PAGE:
The rusty smell of blood and burned flesh inflames the nostrils before you even see the ill-fated 16-seater Toyota Hiace, now up in flames at the entrance of the Confucius Institute at Karachi University.
Moments ago, on an otherwise usual Tuesday, a powerful explosion had ripped through the vehicle carrying faculty members and the institute’s director for their 2:30pm lectures.
At least two female faculty members were killed on the spot, as was the director and the van’s driver — three of them Chinese nationals — their bodies charred beyond recognition. A fourth Chinese national was injured.
What remained of the bodies lay wrapped in shrouds in Chippa ambulances a few metres up the road.
The rescue workers had tried their best to piece together the victims, taking care to wrap the different body parts of each individual. In one of the ambulances, a blackened stump that looked like it had once been a foot, protruded from a shroud. In another, there was an extra leg that seemed unaccounted for.
At the site, a gutted motorcycle — part of the teachers’ security detail — lay a few steps behind the van, no longer recognisable after its paint and seats had melted away.
The two Rangers personnel riding the motorcycle had apparently been shifted to the Patel hospital in an injured condition.
Strict security regimen
Established in 2013 as part of a partnership between the University of Karachi and the Sichuan Normal University in China, the Confucius Institute aimed to “deepen international understanding of Chinese language and culture, and promoting people-to-people exchanges between China and Pakistan”.
Read more: Confucius comes to Karachi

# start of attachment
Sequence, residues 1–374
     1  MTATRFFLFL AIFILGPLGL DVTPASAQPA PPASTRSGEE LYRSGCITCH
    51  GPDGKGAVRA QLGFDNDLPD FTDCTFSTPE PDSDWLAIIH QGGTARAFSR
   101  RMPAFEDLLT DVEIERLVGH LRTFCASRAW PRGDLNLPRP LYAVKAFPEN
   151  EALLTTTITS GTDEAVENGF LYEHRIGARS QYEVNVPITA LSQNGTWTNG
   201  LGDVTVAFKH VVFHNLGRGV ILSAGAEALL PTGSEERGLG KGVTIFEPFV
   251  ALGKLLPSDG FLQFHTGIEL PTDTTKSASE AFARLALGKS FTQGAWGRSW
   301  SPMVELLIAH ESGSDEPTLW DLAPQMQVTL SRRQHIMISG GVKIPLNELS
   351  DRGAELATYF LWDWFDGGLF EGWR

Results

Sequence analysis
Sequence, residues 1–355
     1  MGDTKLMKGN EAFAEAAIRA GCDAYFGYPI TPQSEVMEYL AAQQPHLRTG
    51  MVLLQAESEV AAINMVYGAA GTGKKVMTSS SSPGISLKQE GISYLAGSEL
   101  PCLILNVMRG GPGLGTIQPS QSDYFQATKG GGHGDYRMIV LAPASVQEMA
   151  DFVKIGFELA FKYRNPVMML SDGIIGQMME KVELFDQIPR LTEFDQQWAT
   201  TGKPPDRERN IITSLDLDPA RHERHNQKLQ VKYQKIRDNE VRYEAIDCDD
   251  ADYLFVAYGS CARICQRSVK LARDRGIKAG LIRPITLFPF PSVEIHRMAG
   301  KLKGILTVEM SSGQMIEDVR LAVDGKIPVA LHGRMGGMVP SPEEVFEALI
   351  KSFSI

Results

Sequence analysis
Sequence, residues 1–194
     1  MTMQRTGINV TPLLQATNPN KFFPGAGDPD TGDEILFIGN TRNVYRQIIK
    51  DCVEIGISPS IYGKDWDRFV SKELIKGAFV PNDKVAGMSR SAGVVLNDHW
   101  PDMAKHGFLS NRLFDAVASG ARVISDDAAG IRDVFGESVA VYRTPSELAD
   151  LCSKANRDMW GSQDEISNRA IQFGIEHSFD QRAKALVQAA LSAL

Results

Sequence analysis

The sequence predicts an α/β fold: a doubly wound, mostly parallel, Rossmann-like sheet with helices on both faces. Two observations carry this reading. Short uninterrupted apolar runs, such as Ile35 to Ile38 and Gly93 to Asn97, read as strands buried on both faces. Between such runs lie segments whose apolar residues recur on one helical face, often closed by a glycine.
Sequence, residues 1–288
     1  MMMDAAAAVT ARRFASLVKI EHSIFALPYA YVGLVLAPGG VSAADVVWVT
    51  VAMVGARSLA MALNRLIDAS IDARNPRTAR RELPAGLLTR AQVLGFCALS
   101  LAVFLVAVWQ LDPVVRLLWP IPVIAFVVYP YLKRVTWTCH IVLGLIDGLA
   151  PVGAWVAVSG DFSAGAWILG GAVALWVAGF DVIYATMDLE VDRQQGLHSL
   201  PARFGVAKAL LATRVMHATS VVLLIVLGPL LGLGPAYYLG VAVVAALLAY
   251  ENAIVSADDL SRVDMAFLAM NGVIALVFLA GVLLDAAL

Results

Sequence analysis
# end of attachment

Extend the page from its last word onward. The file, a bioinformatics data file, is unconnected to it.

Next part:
Since its inception, however, the faculty members — who were mostly Chinese nationals — had remained under threat and had to follow strict security protocols.
While they lived in a guest house on campus, they were escorted by a security detail to the institute and back every day. Security personnel even escorted them to classrooms and frisked each student before allowing them to enter, said one student.
Only last month, the campus security had written a letter to the institute’s director, raising concerns over the Chinese faculty members’ movements outside campus, and urging him to ensure they travelled only when accompanied by their security detail.
On Tuesday, their van had just arrived at the institute’s gate — security detail in tow — a little after 2pm when calamity struck.
Almost an hour later, scores of security personnel — police, Rangers and authoritative men in civilian clothes with walkie talkies — manned the perimeter that had been cordoned off around the site.
The fire had by now been doused, even though wisps of smoke arose from melting plastic that lay strewn several feet apart from what remained of the van.
On the other side of the cordon, TV reporters and cameramen stood in a line, excitedly talking into their phones or mics, repeating the minutest details for their audience or whispering conspiracy theories to their colleagues.
“This had to be a terror attack,” said one. “The van has obvious marks of ball bearings from an IED,” said another.
Their suspicions were confirmed when the Baloch Liberation Army — a proscribed group that has targeted Chinese nationals in the past — claimed responsibility for the attack. The CCTV footage of the incident and the Bomb Disposal Squad’s initial report further confirmed it was a suicide bombing — an act of terror not unknown to Karachi, but to the campus.
“It’s a shame that teachers were targeted like this,” remarked Karachi Police chief Ghulam Nabi Memon, who arrived at the site a couple of hours after the incident. “It is shameful that this can happen to teachers too”.
‘It’s a shame’
Several feet away, curious students, parents and KU administration officials wondered the same as they stood at the edge of the cordon, attempting to draw up the courage to steal a picture or a short video, only to sheepishly walk off when reprimanded by the security officials.
“She was an amazing teacher,” said Mustajab Hussain, referring to Chen Sai — one of the faculty members, who was killed in the explosion.
Mustajab, who hails from Gilgit-Baltistan, had been studying at the institute for the past three years and had grown particularly fond of Sai, who he said was “extremely helpful and caring”.
“What will happen to my education now?” he wondered aloud. “My teachers are gone.”
Others echoed his thoughts. “If they can do this inside the Karachi University, nowhere is safe,” said one. “Should we stop sending our children here too?”